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From Eddie Bush <ekb...@swbell.net>
Subject Re: Logout in a container-managed security environment
Date Wed, 25 Sep 2002 18:11:04 GMT
Charles McClain wrote:

>Mohan:
>
>I just finished setting up container-managed FORM-based authentication
>and getting it working, based on advice from several people on this
>mailing list.  I'll pass on what I learned, and others can add to it or
>correct my advice.  I'm assuming that you know how to set up
>container-managed FORM-based authentication, and that your question only
>applies to its relationship to Struts.  If that is not the case, you can
>review the replies I received to my original posting, or write back and
>I will provide detail.
>
>Container-managed FORM-based authentication is separate and apart from
>the Struts framework, and indeed can be applied to an application that
>is not based on Struts.
>
>When you set up FORM-based authentication, you specify a login page and
>login error page.  When the user enters a URL that falls within the
><security-constraint> and <web-resource-collection> you specified in
>your web.xml, the container takes over and pops up the login page you
>specified in your <login-config> entry.
>
>Assuming that your login page form specifies "j_security_check" as the
>action, when the user hits the submit button, control passes back to the
>container, which validates j_username and j_password against the
>container's security realm; if they are valid, then the container passes
>control to the <welcome-page> specified in your web.xml.  If they are
>invalid, the container passes control the error page you specified.
>
>Since this validation is performed by the container, you do NOT want a
>Struts ActionForm associated with the login page, nor do you want an
>Action associated with it.  If you have prep work you need performed,
>you should perform it in the Action associated with your welcome page.
>It will get performed when the login passes the container's validation
>and the container passes control to your welcome page.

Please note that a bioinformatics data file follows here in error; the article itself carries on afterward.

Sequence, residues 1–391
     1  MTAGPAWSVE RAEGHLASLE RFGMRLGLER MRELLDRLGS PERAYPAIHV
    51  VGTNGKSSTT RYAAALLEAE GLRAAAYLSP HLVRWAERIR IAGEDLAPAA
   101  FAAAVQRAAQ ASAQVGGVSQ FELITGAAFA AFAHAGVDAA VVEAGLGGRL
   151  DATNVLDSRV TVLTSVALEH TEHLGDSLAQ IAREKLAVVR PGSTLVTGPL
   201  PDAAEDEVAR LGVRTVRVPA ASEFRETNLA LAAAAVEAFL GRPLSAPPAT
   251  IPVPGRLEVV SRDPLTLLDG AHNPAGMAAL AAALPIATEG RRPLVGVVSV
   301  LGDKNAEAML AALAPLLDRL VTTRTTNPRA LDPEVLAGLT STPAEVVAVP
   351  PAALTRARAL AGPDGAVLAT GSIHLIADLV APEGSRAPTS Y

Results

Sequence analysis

>
You could get creative in your approach to this.  If my other post ever 
hits the list you'll see an outline for how you can do so.  I *believe* 
I, at one point, had my login/error pages specified as actions, 
actually.  I ... can't recall why I went back to JSPs.  I think I was 
having some stupid errors that had to do with my "tripping" through my 
config (accidental key-in errors) - I believe you should be able to use 
actions to refer to your login/error pages.  Try it :-)  If it doesn't 
work, scratch it.

>It IS useful, however, to have a <global-forward> back to the login
>page, so that your login error page can direct the user back to the
>login page, to re-login after an error, and so that, after he logs out,
>your logout confirmation page can direct him back to the login page.
>Also, your login page and login error page may contain Struts tags.
>
You really should have no direct reference to the CMA-oriented login 
page whatsoever.  You do not have the ability to invoke it directly.

>Since I'm still in the process of converting my app over to FORM-based
>authentication, I haven't completely worked out the interaction between
>the container and Struts as far as subsequent login-checking is
>concerned.  I don't think you need to check the user's login status on
>your JSPs and in your actions, because I think the container will force
>the user to the login page if he tries to enter the app "in the middle"
>via a bookmark or something.  I will be testing this in the near future.
>
>However, I do know that you can gain access to the username and/or role
>via the Jakarta Taglib request library; for example, I originally
>converted my app to container-managed BASIC authentication expressly so
>that I could use the <req:isUserInRole> tag to vary menu and screen
>content based on the user's role.
>
Yes, this is one of the biggest benefits (that I see) of CMA over 
"roll-your-own" approaches.  There are, however, "roll-your-own" 
approaches which can provide this same functionality.  You could take a 
look at securityfilter.sourceforge.net for one possible alternative.  It 
requires a container to be servlet spec 2.3 compliant (filters are a 2.3 
thing), but allows you to actually include your realm in your 
application - and would be a container-independent realm solution.  Most 
containers will let you "roll-your-own" realm (I believe - I know for 
certain Tomcat does, and understand that others will, as well). 
 Whichever way you go, it's still "make-based" login (authentication is 
done by the container, in response to the user requesting a restricted 
resource).  To get "let-based" logins, you have to either do something 
creative, as I've suggested, or resort to implementing your own security 
(authentication) service.  Of course, if you implement your own ... I'm 
not aware of how you could override isUserInRole() etc.  I think there 
are approaches to this using Filters though.

>I apologize for my incomplete knowledge, and as I said, I encourage
>others to correct or add to what I have written, but since no one else
>has yet replied to you, I figured you'd rather have some reply than
>none.  I'll be smarter in a few days, after I've had a chance to fully
>integrate the container-managed FORM-based authentication facility and
>do all my testing.
>
>-- Charlie
>



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